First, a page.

End to Examiner deliveries sought

Pikesville man asks for restraining order

November 03, 2006|By Nick Madigan | Nick Madigan,Sun reporter

Saying he cannot get The Examiner to stop throwing unwanted papers in his driveway each morning, a Baltimore lawyer has asked the Baltimore County Circuit Court for a temporary restraining order to force an end to the deliveries.

"They're trespassing, technically," said Joel L. Levin, referring to the carriers who deliver the papers in his Pikesville neighborhood. Almost a month ago, he said, he began calling the paper's circulation department to have them stopped, but they keep coming.

"There's no way to get through to these people," Levin said. "The girl who answers the phone says it'll be taken care of, and it doesn't work. Then they don't call back."

Messages left yesterday with Michael Phelps, The Examiner's publisher, and the paper's circulation office were not returned. A hearing has been scheduled for Wednesday.

The Examiner launched in Baltimore in April with a daily circulation of about 250,000. Unlike most metro daily newspapers, The Examiner distributes its product for free, blanketing homes in selected ZIP codes. The paper is owned by Denver-based billionaire Philip Anschutz, who also owns free daily papers in San Francisco and Washington - where residents have expressed similar complaints about unwanted issues.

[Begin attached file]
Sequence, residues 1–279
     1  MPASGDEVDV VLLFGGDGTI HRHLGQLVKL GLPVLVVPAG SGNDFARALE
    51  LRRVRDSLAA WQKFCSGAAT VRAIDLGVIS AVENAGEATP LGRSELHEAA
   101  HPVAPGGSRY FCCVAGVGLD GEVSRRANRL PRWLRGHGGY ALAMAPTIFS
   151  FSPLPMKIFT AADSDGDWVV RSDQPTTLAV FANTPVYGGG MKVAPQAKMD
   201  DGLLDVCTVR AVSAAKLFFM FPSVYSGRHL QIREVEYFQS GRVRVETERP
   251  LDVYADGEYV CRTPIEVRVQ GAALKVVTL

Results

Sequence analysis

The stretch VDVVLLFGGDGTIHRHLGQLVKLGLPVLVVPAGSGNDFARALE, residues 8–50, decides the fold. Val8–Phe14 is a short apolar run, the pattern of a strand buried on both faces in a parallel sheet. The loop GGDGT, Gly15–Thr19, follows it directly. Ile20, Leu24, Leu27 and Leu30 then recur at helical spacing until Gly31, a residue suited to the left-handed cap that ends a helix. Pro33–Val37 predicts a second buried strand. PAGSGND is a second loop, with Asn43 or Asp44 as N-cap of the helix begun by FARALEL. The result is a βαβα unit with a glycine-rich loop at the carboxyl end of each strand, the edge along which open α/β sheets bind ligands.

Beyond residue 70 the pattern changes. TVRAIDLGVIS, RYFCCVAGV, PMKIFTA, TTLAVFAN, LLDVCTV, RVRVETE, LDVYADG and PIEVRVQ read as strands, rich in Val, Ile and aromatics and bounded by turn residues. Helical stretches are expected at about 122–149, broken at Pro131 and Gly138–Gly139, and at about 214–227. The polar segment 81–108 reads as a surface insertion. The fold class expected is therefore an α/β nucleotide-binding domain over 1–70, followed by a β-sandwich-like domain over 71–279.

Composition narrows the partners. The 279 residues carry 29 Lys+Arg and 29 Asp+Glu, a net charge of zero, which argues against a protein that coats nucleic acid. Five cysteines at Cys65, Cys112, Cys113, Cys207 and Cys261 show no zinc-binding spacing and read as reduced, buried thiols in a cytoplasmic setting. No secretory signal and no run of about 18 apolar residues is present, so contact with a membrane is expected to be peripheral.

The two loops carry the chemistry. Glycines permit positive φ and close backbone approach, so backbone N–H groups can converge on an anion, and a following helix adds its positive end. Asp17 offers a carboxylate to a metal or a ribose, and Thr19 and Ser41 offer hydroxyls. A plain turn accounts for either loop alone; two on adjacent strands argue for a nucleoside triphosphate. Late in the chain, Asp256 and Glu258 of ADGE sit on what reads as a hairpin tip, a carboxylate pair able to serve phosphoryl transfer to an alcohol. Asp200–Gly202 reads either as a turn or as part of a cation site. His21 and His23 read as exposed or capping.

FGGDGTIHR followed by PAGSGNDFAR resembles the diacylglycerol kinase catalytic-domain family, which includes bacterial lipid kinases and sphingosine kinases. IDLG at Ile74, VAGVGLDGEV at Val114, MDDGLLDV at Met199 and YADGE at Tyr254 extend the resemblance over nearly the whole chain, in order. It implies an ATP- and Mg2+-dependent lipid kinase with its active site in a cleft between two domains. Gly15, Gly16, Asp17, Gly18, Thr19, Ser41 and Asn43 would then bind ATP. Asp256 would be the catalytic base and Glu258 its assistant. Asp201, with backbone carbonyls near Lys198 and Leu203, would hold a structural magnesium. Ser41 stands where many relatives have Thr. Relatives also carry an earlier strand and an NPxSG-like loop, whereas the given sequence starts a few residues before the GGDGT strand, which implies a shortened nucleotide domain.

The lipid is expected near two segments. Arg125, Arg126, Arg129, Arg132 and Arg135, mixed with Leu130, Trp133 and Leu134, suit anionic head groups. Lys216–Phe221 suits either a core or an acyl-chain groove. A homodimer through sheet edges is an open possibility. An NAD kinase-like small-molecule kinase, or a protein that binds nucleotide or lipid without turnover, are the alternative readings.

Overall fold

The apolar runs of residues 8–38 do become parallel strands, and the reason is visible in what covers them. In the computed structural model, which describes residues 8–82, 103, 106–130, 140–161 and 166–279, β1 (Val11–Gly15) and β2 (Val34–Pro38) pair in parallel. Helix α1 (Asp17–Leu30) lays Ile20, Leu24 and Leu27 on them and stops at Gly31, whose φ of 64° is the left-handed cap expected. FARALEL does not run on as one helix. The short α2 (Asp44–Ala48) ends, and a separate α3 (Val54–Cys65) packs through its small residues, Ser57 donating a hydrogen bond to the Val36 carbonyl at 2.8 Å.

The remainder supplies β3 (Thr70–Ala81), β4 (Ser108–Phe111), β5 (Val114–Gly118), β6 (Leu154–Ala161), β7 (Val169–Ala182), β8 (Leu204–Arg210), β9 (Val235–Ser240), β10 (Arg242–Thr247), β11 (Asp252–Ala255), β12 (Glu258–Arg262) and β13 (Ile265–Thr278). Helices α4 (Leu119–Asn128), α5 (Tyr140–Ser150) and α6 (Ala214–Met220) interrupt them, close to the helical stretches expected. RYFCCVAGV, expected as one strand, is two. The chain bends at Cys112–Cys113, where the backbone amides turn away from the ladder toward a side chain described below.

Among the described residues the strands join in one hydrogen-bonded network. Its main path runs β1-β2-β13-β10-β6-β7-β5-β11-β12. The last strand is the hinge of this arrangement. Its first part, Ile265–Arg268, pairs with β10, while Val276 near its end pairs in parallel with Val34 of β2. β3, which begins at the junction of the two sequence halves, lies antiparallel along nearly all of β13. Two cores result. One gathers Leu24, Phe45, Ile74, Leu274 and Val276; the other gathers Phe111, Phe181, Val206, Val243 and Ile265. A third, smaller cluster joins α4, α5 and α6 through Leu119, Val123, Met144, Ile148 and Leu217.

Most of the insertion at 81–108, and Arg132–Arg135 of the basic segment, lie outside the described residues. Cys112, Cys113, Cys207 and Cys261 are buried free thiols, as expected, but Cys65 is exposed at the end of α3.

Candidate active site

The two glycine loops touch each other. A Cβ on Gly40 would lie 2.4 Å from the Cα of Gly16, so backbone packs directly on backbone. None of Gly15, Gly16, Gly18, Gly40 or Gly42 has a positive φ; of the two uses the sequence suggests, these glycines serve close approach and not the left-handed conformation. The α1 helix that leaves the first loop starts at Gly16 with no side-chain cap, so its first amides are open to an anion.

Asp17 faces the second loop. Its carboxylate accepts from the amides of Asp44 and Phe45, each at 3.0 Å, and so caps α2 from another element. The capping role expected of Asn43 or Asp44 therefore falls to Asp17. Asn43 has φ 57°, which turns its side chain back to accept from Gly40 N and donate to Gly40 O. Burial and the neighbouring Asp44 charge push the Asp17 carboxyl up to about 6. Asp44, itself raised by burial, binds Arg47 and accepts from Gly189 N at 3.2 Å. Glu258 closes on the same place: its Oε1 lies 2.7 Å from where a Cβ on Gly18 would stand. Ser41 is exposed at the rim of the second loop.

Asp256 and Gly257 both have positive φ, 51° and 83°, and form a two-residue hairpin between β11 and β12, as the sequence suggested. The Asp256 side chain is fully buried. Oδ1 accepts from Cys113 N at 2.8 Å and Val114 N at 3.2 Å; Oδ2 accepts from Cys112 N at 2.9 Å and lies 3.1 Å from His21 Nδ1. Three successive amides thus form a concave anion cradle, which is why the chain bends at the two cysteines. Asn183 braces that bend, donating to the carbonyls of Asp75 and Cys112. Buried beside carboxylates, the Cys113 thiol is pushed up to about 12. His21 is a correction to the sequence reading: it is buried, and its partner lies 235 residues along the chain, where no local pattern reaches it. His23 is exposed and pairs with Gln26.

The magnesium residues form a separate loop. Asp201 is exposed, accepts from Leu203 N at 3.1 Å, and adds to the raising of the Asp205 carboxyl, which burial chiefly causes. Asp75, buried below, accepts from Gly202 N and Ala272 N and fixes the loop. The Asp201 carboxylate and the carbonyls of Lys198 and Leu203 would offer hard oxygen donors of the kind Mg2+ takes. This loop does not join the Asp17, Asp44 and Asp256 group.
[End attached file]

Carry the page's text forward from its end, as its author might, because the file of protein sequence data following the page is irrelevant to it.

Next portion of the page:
The papers are not only litter, Levin said, but when he's out of town, an invitation to burglars. In court documents filed this week, Levin said he wants to go to Florida and that he's afraid of what will happen if The Examiner keeps coming.

"It's not just me," said Levin, who subscribes to The Sun and the business publication Barron's. "A lot of people around me are very frustrated. There's some irritation that we can't control the paper."

In Baltimore's Federal Hill neighborhood, residents have put signs in windows warning carriers to stop leaving The Examiner. "We have enough battles keeping our streets clean," said Keith Losoya, former president of the neighborhood association and a candidate for state Senate in the 46th District. "This periodical gets blown around and just adds to our trash issues."

In a column in the Oct. 26 edition of The Examiner, publisher Phelps appeared to acknowledge the complaints: "If we've failed to stop your delivery quickly, I'm truly sorry. We don't want you to get it if you won't read it."


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